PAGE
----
New York officials are hoping an agreement they have hammered out with a large insurer will establish a model for retirement program fee disclosures.
Lawyers in the office of New York Attorney General Eliot Spitzer negotiated the settlement agreement with ING Life Insurance and Annuity Company, Atlanta, a unit of ING Groep N.V., Amsterdam, to resolve an investigation into complaints about past retirement plan fee disclosure practices.
ING is neither admitting nor denying Spitzer’s allegations, but the company has agreed to pay $30 million in disgorgement and restitution to 66,000 members of the New York State United Teachers union and $3 million in restitution to 5,000 state workers in New Hampshire.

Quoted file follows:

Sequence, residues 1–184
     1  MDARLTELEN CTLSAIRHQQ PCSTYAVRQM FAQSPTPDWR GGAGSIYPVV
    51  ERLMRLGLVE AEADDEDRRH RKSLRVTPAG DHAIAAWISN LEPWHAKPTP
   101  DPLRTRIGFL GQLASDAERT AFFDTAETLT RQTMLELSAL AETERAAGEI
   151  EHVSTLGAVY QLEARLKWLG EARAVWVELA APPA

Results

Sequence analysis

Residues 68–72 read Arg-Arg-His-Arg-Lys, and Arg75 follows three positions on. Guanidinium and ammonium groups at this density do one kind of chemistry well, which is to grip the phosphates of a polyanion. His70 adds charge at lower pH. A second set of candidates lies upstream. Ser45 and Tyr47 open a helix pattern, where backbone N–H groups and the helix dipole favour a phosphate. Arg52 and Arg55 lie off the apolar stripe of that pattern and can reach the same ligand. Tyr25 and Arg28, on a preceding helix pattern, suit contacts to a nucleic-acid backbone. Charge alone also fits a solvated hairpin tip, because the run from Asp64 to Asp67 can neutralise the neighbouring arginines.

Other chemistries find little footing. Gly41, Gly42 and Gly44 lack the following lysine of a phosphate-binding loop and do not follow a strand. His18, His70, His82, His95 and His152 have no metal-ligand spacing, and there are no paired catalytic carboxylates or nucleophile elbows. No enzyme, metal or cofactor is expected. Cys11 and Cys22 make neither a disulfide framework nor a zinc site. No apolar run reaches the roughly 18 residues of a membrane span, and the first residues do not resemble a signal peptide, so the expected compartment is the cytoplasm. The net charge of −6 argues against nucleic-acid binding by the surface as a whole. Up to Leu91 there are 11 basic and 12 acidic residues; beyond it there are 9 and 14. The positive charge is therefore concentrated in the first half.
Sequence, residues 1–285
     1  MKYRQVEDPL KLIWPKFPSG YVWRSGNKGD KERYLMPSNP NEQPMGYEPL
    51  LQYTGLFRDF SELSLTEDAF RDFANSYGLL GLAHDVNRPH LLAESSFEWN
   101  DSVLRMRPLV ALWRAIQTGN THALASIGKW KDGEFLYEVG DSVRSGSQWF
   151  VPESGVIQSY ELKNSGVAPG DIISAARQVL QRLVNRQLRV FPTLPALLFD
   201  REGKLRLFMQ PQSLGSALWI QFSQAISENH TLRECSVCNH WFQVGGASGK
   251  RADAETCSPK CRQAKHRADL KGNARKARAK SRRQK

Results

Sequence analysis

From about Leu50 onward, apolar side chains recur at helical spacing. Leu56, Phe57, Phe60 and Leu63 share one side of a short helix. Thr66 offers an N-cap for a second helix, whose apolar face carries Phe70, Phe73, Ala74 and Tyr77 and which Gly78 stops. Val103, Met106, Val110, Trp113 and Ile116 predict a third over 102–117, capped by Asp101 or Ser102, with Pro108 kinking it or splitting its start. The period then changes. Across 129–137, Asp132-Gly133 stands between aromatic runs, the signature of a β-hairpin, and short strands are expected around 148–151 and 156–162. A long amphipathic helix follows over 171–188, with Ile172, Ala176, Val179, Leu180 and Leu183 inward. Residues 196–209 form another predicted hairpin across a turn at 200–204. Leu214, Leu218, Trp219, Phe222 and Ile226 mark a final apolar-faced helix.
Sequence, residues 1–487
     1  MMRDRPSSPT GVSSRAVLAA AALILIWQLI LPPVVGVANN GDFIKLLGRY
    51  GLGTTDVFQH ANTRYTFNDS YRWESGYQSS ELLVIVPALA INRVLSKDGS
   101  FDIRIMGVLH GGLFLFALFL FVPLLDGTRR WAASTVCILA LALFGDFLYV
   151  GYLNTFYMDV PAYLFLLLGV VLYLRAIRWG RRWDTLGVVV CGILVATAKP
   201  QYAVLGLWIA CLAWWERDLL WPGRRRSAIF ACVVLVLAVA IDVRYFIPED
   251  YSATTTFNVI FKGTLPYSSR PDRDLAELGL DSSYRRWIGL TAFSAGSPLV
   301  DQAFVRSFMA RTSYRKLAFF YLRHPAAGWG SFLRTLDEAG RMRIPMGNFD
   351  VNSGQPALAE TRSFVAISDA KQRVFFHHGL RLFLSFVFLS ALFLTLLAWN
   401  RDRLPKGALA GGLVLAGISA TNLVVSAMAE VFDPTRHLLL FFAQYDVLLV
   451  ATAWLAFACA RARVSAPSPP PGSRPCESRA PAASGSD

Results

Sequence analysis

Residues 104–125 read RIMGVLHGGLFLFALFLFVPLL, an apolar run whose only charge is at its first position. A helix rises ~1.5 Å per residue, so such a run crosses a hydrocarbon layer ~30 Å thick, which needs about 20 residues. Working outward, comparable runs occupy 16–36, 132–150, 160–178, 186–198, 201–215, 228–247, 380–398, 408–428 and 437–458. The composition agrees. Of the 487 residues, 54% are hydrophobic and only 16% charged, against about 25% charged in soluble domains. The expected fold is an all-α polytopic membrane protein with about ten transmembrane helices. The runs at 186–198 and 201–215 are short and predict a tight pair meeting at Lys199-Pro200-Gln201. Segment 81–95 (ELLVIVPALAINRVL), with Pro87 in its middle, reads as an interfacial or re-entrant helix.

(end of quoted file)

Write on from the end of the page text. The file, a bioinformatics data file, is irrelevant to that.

ING also has agreed to include comprehensive, one-page retirement plan cost disclosures with every solicitation or account opening package for ING products aimed at 401(k), 403(b), 403(b)(7) and 457 retirement plans.
A sample disclosure included as an exhibit with the settlement agreement starts out by warning the consumer, “This retirement plan is not free.”
“ING and the funds offered in the product charge various fees and expenses,” the disclosure states. “Many fund companies pay ING in return for being offered as investment options, as well as for the recordkeeping and related services ING provides. Funds are selected based on the revenue they pay to ING and on ING’s assessment of their quality and cost.”
In the second paragraph, ING will estimate what percentage of the average account balance goes to pay fees each year.